Jack: Right. So, I mean, you’re not gonna send out … it’s the equivalent of … Let’s say you want to buy office buildings and you pick lower Manhattan, New York, and you send out every property and you offer them $1,500 for their office building. Alright that’s just silly.

Jill: Right. Not gonna do that.

Jack: You know, or you send out an offer for every 40-acre property in Nevada for $25 an acre. It’s silly. Some people do that and they wonder why it doesn’t work. So there’s a huge … If you get into our group and get in to the education that we provide, I tell you exactly how to run through the mathematical process of pricing an offer so that it works. And it has to do with existing sales. Not completed sales but what’s posted for sale, existing on the market. And then working your way down from there.

Jill: I have a-

Jack: Chad’s a member, I can see you here right now, I’m sure you did it right.

Jill: Oh I know. I have a thought to add to for our listeners. If they really wanna see, like, the follow up, go in to It’s free, get an account there and just sign up and you can watch these comments. You can see Chad follow up and you can see the people follow up and I’m willing to bet that there’s probably a posting from a week or two after that we’re … ’cause there’s a lot of these stories like this in there that say, “Woop, I’m now eating my”-

Jack: “Sorry for the post I just bought a strip mall”.

Jill: Yeah. “And my phone blew up”, you know, kind of thing. And that’s what happens and it’s really fun to watch.

Jack: If you have a question or you wanna be in the show, reach out to either one of us on Today’s topic, what to expect from a return on investment standpoint when you’re a real estate investor. ROI expectations. Jill get out your nail polish.

Jill: Okay, I’ll be back.

Jack: This is the meat of the show. This is a direct question on our Thursday weekly call. Every Thursday Jill and I have a weekly call, a weekly webinar at If you go to, it’s free, you just log in and you can listen [crosstalk 00:06:01].

Jill: It’s open to public for right now. It’s normally a member thing but right now it’s open.

Jack: So this question came from a guy in Massachusetts, his name’s Michael and he’s extremely intelligent and he’s doing very, very, very well in this business. He’s only been doing it probably six months. In fact, like Chad he was really skeptical. He called me two weeks after his first mailer out and said, “This is ridiculous, doesn’t work”. And now he’s turning how many deals?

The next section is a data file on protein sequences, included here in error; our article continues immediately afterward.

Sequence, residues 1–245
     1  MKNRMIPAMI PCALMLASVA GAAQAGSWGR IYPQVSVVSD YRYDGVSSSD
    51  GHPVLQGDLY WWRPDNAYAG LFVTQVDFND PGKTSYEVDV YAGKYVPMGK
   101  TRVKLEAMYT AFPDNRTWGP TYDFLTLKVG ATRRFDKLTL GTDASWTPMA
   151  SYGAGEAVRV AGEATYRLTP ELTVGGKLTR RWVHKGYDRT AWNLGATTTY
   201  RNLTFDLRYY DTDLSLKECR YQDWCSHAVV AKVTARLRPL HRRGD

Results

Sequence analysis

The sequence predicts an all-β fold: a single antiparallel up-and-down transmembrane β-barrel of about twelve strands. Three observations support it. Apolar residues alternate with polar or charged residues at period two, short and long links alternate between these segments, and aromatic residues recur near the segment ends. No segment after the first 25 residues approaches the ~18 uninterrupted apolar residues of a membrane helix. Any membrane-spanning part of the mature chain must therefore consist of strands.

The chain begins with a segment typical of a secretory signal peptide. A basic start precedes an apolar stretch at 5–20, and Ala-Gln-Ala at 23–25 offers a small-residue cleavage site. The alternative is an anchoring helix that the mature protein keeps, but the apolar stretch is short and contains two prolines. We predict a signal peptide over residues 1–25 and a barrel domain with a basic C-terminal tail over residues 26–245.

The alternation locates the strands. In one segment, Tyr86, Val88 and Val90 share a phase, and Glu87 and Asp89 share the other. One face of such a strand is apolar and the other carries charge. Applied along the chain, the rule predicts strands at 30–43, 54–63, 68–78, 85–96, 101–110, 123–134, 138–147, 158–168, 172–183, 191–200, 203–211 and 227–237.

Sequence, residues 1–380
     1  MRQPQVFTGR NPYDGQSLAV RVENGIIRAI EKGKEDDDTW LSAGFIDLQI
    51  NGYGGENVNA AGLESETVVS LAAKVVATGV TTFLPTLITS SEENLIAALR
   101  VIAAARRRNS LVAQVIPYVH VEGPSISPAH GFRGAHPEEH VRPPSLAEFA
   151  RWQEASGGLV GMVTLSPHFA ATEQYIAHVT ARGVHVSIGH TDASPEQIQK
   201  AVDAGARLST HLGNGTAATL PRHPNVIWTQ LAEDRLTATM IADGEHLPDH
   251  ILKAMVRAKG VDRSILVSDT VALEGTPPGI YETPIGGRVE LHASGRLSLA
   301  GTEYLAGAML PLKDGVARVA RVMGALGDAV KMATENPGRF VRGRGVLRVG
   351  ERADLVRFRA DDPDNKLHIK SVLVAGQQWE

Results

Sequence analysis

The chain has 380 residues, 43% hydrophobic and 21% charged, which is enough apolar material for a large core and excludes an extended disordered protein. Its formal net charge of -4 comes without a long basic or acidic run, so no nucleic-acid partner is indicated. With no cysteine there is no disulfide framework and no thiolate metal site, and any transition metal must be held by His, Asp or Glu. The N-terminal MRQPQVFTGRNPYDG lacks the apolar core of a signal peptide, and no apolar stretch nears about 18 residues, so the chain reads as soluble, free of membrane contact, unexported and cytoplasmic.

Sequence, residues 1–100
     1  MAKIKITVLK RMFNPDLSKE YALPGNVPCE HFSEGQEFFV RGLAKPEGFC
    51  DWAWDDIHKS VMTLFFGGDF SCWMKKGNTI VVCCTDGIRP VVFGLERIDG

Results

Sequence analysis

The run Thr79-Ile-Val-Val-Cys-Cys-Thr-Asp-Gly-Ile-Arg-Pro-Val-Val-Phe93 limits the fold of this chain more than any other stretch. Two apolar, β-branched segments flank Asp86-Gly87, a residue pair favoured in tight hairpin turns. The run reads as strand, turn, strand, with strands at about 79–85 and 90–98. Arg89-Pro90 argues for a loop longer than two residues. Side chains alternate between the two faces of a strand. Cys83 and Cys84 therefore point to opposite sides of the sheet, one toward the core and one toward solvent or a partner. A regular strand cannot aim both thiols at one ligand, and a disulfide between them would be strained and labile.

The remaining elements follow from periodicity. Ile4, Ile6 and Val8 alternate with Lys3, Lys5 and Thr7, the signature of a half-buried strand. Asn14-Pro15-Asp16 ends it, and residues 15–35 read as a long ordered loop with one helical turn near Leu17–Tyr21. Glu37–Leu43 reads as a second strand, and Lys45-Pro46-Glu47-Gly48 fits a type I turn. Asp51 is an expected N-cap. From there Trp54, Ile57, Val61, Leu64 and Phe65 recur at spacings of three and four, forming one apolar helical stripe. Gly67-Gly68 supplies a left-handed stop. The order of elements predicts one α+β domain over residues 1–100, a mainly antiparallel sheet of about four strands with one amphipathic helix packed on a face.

Jill: Mm-hmm (affirmative).

Jack: He’s a very vocal member which-

Jill: Mm-hmm (affirmative). Oh yeah, big deals too.

Jack: Right. So his question directly was, “Given the concept of the velocity of money, right, you take $1,000 and if you can turn it 50 times a minute, it’s way better than buying a piece of property for $5,000 and selling it for $25,000 but it takes a year. Right. It’s the velocity of money so, given that, should you sell on cash? Should you sell on terms? What’s the best way to utilize the velocity of money?” What can you expect from return on investment, in other words. And I’m gonna tell you historically what happens with Jill and I, and the stuff that we work on now and why.
So, about six months ago I looked at the purchase price and the sale price and I took all the fees out, posting fees and everything else and overhead expenses and fixed cost and all that. And what we purchased it for and what we sold it for, was 64%. We marked it up 64%. So if we bought it for $100, we sold it for $164 or if we bought it for $100,000 we sold it for $164,000. This is land only, this isn’t houses. That’s what you can expect if you’re doing things generally correctly.
This is what we do now. We buy a ranch in, let’s say, Santa Barbara county, what we call a ‘movie star ranch’ for seven or eight hundred thousand. We sell it for, I don’t know Jill, nine hundred?

Jill: Nine. That’s what I was gonna say.

Jack: We make a hundred grand on it. Now it’s more about, for us, it’s about dollars not percentages, and then the person that buys it from us usually they list it and do the whole regular real estate thing and sell it for 1.6, 1.7. We always make sure that our customers are wholesale buyers that we have on an A-list, make more money than we do so they keep coming back.